As mediators of immunity, it was discovered at the turn of the century that antibodies were contained within the serum fraction of blood. It was demonstrated in 1939 that antibodies were specifically located in the gamma fraction of electrophoresed serum, thus the term gammaglobulin was coined for serum containing antibodies. Antibodies themselves, were called immunoglobulins.
The Classes of Antibodies
There are a number of types of antibodies or immunoglobulins that react stereochemically and specifically with an antigen that induced their formation. Each of these classes of immunoglobulins (abbreviated Ig) is produced by a specific clone of plasma cells. Five immunoglobulin classes are defined on the basis of their heavy chain composition, named IgG, IgM, IgA, IgE, and IgD. IgG and IgA are further divided into subclasses.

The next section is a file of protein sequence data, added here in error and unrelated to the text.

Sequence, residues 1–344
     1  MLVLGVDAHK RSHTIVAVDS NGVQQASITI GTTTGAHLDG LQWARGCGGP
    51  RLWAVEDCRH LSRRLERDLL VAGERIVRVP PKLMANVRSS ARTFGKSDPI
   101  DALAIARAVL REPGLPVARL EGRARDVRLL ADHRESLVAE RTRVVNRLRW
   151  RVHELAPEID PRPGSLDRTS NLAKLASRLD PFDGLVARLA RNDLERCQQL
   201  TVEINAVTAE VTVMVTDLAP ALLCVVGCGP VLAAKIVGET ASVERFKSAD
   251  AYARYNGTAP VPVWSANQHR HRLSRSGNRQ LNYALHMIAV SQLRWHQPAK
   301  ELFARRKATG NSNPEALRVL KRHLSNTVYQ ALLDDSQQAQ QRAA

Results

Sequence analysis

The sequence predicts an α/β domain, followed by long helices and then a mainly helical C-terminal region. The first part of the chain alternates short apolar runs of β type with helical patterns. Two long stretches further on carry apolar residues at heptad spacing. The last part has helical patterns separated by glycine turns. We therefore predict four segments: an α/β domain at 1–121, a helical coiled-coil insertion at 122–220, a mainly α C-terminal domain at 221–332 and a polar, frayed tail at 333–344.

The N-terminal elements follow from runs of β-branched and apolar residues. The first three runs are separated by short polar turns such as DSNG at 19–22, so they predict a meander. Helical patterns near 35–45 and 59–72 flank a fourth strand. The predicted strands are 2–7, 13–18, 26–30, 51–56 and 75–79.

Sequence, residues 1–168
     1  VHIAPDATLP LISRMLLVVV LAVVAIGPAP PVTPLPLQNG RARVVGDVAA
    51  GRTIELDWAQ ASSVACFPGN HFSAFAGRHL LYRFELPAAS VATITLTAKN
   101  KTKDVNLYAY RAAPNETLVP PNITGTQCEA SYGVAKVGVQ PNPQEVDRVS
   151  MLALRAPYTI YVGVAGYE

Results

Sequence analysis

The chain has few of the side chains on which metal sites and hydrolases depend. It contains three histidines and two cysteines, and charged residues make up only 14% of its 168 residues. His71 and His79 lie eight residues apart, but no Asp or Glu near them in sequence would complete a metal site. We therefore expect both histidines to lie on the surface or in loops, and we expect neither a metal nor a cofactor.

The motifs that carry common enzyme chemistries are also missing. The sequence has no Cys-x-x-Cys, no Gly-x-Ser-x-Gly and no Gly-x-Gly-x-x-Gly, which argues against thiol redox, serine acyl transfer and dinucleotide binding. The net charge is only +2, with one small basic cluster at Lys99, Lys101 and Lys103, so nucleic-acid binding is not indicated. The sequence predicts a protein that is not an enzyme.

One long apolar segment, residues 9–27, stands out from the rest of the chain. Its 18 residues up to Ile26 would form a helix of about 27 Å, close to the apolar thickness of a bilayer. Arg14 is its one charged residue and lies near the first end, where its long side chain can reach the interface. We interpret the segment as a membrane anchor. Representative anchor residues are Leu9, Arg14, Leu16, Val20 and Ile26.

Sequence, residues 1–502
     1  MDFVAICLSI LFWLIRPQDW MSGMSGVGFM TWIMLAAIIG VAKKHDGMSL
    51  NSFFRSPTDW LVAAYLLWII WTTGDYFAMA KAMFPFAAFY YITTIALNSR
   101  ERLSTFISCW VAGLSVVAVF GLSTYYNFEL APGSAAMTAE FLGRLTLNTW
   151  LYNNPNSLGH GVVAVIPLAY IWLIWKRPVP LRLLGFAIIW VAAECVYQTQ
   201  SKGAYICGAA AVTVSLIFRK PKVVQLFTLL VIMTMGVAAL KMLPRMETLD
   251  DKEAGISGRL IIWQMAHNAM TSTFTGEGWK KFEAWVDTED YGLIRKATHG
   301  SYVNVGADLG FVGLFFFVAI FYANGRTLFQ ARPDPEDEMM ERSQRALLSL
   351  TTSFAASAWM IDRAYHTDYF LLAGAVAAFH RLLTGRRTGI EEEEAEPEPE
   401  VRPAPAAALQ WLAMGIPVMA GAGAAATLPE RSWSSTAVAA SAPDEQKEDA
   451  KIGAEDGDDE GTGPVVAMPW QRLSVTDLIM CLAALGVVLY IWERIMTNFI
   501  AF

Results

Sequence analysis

Figure 5. Schematic representation of the various Classes of Immunoglobulins
The classes of immunoglobulins have different physical and chemical characteristics and they exhibit unique biological properties. Their synthesis occurs at different stages and rates during an immune response and/or during the course of an infection. Their importance and functions in host resistance (immunity) are different.